A Royal Wedding and the Power of Love
I had avoided it as best I could. The sixth in line to the British throne marrying a B-list actress known for once holding case 11 on Deal or No Deal held little appeal for me. But my regular journey across the ideological spectrum to check the news of the day had made clear that on this day there was no other news to be found — at least, not without blister-inducing scrolling. Amid my descent from the royal towards the relevant, I was forced upon “Showstopping speech: Bishop gives passionate address about the power of love.” Oh dear, if CNN likes it, then I probably won’t. “Just how bad was it?” I thought, succumbing to the click-bait.
‘This Could be Really Bad’
Seeing that the preacher was Michael Curry, the Presiding Bishop of the Episcopal Church, my low expectations tumbled still further. A decade prior, my congregation had been through a bruising and costly struggle with that denomination after our exit for a more orthodox form of Anglicanism. I expected that the new Presiding Bishop likely shared his predecessor’s high view of gay “marriage” and low view of the Cross and the Resurrection. “This could be really bad,” I sighed to myself. It wasn’t.
At first, Curry seemed poised to veer into romanticism: “Think of a time when you first fell in love. The whole world seemed to center around you and your beloved.” But there were no saccharine odes to Meghan and Harry, just a passing reference to a “young couple” that the famous audience had “showed up” to see.
The Real Focus
Instead, the central figure in Curry’s sermon was Jesus of Nazareth. A Jesus responsible for “the most revolutionary movement in human history.” A Jesus who, as Curry quoted from an old slave spiritual, is the balm of Gilead “who died to save us all.” Lest the point be missed, Curry emphasized the sacrificial and healing nature of Jesus’s love: “They got it. He died to save us all. He didn’t die for anything he could get out of it.”
True, nothing was said of just why Jesus might need to die. (Save us all from what?) Sin and repentance were not major themes for Curry. That seems largely understandable. A wedding homily is not really the place for hellfire and brimstone. More could have been said, and one might rightly wonder if Curry would have said it correctly. Still, what was said was said well and most of it was well worth saying. Plus, bad things that could have been said were not.
‘The Way of Life’
A bit earlier in his energetic delivery, Curry had quoted from John’s first epistle: “Beloved, let us love one another, because love is of God and those who love are born of God and know God. Those who do not love do not know God. Why? Because God is love.” I then assumed that the bishop was about to seat us all for a trip on the liberal love-train: God is love, so whoever and however you love is godly. To his credit, though, Curry’s turned the focus to Jesus and “his way of love” that is “the way of life.”
The Leftist Media
Other outlets also gushed over the sermon. The BBC quoted a pundit who deemed Curry the “unexpected star” of the event. A prominent politician said the bishop’s words “could almost make me a believer.” Along the way, the BBC was quick to note that Curry was also a proponent of LGBT rights. That rejection of biblical marriage was a major reason for many parishes like mine ultimately rejecting the Episcopal Church. But what for a Bible-believing church is a detriment, is for much of the modern world a draw. If the talker is also on board with gay marriage, then this is the sort of “love” talk the media can get behind.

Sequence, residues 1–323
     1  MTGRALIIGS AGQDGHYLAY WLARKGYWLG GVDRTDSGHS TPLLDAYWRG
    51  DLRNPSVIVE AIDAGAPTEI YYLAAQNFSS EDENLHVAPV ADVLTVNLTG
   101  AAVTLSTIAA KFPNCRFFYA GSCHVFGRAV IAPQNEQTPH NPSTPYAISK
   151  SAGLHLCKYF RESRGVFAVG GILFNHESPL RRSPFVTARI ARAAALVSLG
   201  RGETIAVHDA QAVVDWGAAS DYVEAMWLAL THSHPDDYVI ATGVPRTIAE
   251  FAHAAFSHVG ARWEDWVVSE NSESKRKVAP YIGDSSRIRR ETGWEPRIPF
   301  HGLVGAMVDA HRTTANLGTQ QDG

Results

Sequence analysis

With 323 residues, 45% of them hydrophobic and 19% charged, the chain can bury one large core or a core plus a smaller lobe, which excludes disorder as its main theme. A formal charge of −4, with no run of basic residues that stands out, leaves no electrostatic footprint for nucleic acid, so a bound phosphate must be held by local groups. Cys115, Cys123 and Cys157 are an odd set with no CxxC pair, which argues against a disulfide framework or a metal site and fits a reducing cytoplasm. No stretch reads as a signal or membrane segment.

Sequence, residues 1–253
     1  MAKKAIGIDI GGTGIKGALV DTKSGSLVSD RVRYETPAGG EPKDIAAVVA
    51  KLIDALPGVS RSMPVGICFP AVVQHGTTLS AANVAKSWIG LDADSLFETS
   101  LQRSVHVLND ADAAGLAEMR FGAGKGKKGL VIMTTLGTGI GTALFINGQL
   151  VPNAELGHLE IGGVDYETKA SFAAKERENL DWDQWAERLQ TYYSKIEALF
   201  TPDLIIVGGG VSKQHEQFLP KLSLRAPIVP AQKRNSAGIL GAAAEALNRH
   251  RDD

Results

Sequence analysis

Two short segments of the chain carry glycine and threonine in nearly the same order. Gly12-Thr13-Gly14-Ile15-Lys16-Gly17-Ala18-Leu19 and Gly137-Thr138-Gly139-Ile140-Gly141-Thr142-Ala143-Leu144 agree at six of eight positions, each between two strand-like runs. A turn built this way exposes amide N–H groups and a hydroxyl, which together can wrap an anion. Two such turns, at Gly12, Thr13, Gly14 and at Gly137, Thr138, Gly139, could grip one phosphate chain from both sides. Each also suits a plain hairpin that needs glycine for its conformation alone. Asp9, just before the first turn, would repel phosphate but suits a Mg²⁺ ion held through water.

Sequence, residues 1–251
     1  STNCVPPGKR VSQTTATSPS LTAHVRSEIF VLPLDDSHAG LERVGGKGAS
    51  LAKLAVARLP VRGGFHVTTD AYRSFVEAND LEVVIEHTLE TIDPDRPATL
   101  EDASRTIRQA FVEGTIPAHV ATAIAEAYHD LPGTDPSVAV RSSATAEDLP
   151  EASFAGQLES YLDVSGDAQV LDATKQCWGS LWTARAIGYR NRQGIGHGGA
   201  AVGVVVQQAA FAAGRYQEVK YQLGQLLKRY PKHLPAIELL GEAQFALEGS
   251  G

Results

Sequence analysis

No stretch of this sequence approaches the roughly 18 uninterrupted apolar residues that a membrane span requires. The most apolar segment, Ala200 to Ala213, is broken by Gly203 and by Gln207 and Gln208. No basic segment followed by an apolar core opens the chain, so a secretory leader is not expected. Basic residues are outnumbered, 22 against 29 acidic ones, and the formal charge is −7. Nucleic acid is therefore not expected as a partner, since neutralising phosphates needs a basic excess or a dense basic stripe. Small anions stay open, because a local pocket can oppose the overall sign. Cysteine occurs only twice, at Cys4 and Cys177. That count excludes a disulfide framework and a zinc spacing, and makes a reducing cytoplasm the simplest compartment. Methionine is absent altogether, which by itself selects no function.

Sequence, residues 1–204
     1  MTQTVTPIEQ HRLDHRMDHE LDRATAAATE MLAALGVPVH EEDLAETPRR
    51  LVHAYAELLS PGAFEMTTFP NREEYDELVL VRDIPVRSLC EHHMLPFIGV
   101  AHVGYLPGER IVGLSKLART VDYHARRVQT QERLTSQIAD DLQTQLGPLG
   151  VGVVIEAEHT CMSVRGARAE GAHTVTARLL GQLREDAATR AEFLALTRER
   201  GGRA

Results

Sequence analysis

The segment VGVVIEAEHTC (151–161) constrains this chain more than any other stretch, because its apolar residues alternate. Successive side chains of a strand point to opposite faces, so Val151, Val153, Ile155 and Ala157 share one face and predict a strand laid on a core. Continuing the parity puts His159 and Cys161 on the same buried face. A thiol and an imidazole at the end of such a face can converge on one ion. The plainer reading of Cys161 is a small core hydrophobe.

The left wants to see a “love” of autonomy and liberation, not a love that limits. But marriage is, counterintuitively, a testimony to the liberating power of limits. This is a forsaking of all others in order to form a “life-long covenant between a man and a woman” as the wedding’s program rightly proclaimed. Meghan Markle was glowing, not growling, as she was bound in marriage.
As the BBC noted, Curry himself has not always respected the true boundaries of the marriage institution. His sermon on Saturday, however, did implicitly provide a reply to those who, like himself, call for the end to sexual complimentarity as a basis for matrimony.
The Power of Love and Fire
Curry closed by humorously analogizing the power of love to the power of fire. “I know that the Bible says, and I believe it, that Jesus walked on water. But I have to tell you that I didn’t walk across the Atlantic Ocean to get here. Controlled fire in that plane got me here.” Building off a quote from the controversial Jesuit thinker Pierre Teilhard de Chardin, Curry concluded, “If humanity ever captures the energy of love, it will be the second time in history that we have discovered fire.”
For love to do its work well, it must, like the jet fuel that propelled Curry across the waters, be contained and channeled into the appropriate engines. Physical love liberated from its proper bounds results in a fiery catastrophe, not life-enhancing power. As Curry noted, Jesus said that all the law and the prophets hang on the Old Testament commandments to love God with all our being and to love our neighbors as ourselves. Truly believing that the part of the law limiting sexual passion to one man and one woman actually hangs on love is a challenge for today’s world. Making that truth winsomely clear is the challenge for today’s church.
The sexual revolution has hijacked the plane and put the concept of love into a smoky freefall. The marriage of one celebrity from a dysfunctional family to another may seem an odd source of hope, but there could be far worse things for millions of people to witness. Those inside and outside of St. George’s Chapel watched as vows of lasting fidelity were proclaimed and heard a surprisingly orthodox sermon from an often unorthodox source. Love is a powerful thing, indeed.
John Murdock teaches at the Handong International Law School.